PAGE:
How should we understand the distinction between ‘negative’ and ‘positive’ liberty, and which of the two concepts of liberty should we look to advance in a political context?
The nature of the topics discussed in this essay seem to indicate that any conclusion made must necessarily be put in no absolute terms, and ought to be arrived upon through cautious pragmatic reasoning. However, for the sake of providing a somewhat tangible, binary answer to the question, I will be arguing in favour of advancing positive, rather than negative freedom in a political context. While my position is not inexorably in favour of positive liberty in its most extreme form, I do believe that there are several reasons to conclude that in order to advance the principle of equality in society, positive freedom is by far the most favorable option.
In order to understand the notion of positive freedom, we must explore the distinction that it presupposes between the two conflicting facets of human beings. These dichotomous internal forces are described as the ‘higher’ and the ‘lower’ self. The ‘higher’ self is essentially understood as the rational, introspective force within humans, it is an amalgamation of all of the characteristics, which makes us distinct from lesser animals, and allows us to understand and reflect upon our actions. Conversely, the ‘lower’ self refers to our basic instincts, our primitive, empirical urges, fears and desires. According to Isaiah Berlin, positive freedom enforces laws that would correspond to what we ought to do if we listen to the rational ‘higher’ facets of our human condition. Therefore we are free insofar as we are allowed to realize our full potential as humans, through the restrictions imposed upon us by the government. Negative freedom is understood in this essay as the freedom of an individual not to be influenced by other persons. As Berlin outlines in his essay, this does not mean the freedom to do...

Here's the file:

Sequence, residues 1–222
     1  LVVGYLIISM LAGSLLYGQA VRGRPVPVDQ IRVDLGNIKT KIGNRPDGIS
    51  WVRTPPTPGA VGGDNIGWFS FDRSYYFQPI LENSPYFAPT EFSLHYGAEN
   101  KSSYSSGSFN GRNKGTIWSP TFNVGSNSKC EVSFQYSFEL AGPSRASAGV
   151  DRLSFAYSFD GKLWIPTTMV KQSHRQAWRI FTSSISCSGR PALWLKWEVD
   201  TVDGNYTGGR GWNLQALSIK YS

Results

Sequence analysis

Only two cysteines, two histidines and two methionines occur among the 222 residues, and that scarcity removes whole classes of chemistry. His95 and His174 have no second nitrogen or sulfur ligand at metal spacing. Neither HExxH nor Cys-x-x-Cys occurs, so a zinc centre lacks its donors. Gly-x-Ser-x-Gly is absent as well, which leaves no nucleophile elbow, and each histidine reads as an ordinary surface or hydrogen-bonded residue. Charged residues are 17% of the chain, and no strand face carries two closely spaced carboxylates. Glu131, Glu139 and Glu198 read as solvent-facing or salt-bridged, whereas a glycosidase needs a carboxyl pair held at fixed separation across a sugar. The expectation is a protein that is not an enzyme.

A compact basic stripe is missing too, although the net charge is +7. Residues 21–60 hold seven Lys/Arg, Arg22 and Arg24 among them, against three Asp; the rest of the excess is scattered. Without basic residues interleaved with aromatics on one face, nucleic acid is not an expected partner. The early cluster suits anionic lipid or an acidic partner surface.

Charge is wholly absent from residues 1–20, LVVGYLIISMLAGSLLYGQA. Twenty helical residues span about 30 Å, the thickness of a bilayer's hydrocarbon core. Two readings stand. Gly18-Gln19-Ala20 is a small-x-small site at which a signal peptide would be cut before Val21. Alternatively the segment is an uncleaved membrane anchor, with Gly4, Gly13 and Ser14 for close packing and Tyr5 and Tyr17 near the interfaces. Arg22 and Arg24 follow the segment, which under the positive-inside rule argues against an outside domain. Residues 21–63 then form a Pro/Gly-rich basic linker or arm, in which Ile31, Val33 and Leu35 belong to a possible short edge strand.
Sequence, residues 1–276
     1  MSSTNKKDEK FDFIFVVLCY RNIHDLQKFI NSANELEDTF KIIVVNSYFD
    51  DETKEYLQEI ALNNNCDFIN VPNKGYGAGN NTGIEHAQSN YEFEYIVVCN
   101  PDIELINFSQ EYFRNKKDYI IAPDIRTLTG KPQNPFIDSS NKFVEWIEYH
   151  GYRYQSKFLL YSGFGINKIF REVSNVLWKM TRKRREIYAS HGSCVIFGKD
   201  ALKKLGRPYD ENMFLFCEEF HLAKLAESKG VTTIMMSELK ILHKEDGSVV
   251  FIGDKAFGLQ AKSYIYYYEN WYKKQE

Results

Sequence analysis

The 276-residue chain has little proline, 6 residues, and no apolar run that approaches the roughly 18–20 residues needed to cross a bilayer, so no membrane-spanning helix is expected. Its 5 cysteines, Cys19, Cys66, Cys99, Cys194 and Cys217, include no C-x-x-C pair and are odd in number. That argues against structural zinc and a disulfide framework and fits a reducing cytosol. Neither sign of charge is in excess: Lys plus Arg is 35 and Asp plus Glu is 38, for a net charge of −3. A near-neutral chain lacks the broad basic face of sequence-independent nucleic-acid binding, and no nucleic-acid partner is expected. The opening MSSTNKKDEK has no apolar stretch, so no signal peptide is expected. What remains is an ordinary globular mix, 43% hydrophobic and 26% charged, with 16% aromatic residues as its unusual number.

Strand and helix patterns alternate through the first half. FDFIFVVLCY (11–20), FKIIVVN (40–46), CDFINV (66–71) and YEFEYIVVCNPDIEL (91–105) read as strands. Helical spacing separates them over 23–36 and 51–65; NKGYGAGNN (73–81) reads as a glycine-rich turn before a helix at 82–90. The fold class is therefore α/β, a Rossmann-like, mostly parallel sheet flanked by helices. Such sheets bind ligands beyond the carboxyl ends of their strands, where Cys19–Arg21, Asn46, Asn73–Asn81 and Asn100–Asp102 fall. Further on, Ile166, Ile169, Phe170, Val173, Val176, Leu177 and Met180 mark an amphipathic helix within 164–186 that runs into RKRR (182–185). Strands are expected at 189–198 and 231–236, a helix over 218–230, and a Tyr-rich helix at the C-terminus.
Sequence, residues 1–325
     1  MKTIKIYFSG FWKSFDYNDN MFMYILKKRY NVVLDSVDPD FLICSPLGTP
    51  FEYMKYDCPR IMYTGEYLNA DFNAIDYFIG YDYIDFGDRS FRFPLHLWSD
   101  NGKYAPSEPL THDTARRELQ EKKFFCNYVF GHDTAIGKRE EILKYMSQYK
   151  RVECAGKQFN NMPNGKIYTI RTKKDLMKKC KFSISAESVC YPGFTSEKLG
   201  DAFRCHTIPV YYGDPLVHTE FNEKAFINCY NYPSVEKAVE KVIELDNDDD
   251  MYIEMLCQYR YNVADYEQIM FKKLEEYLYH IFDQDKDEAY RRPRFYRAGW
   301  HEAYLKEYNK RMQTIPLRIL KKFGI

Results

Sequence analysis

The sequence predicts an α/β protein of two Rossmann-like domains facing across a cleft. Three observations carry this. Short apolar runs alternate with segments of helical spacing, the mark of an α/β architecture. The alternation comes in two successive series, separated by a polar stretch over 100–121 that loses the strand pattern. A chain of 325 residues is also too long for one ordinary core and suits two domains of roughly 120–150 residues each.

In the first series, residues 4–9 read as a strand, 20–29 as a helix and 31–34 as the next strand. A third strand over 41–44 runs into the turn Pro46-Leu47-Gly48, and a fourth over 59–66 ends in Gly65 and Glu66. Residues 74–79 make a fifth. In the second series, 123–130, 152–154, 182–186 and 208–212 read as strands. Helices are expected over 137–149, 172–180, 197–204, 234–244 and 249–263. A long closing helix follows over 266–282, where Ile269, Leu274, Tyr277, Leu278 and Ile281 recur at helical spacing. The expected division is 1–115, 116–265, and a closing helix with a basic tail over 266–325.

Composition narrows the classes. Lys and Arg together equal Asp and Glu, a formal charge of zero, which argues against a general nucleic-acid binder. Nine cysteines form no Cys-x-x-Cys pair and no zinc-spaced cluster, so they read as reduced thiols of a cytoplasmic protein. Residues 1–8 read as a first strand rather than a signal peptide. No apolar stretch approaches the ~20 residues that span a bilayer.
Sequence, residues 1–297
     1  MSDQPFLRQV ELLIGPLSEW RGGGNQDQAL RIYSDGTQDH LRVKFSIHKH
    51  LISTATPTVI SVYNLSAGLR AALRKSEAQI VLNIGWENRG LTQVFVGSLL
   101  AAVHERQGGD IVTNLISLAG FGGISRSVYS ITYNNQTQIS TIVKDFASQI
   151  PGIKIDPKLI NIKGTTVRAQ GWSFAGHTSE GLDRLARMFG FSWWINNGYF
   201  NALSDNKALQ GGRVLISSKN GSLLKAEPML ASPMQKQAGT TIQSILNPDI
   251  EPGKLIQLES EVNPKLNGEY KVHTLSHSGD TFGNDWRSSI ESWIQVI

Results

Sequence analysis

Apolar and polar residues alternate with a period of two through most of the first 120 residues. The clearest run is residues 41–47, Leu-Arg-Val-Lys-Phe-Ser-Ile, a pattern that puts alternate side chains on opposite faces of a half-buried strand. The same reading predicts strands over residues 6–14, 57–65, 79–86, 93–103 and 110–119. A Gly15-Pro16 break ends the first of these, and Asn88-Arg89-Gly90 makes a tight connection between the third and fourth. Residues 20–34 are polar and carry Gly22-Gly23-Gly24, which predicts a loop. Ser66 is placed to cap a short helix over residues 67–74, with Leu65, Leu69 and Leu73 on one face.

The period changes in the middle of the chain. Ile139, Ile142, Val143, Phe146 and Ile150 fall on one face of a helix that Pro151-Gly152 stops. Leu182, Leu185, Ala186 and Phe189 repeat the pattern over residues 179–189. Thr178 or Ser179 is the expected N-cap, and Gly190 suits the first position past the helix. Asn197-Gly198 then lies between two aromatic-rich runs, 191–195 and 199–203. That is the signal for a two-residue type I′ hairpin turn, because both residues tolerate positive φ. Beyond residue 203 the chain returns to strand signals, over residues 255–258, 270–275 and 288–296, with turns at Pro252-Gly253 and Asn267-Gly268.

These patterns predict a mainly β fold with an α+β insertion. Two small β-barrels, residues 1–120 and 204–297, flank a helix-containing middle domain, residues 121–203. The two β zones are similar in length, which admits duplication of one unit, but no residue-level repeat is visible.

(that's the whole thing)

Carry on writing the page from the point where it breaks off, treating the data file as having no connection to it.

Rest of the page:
Please join StudyMode to read the full document